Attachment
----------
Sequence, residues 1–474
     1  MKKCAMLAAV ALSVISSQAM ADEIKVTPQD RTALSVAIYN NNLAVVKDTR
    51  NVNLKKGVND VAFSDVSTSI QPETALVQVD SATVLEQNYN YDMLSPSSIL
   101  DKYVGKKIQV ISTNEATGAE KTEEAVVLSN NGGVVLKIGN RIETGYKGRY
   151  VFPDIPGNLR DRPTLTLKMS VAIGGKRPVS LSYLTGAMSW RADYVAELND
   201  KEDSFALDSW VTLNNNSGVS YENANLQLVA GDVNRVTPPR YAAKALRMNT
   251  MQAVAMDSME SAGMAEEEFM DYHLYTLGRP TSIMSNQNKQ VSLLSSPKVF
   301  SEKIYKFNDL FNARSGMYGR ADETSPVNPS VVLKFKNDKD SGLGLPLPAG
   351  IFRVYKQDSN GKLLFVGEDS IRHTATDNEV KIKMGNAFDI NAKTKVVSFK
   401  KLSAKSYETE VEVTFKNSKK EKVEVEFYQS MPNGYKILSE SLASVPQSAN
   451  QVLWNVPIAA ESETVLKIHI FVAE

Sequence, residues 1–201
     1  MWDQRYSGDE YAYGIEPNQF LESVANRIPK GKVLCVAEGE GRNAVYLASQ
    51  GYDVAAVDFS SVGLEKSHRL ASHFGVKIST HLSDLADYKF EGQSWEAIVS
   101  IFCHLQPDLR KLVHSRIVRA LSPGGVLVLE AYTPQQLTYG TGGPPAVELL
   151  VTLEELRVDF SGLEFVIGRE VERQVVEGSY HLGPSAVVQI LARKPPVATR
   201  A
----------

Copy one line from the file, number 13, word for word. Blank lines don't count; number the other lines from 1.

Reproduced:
     1  MWDQRYSGDE YAYGIEPNQF LESVANRIPK GKVLCVAEGE GRNAVYLASQ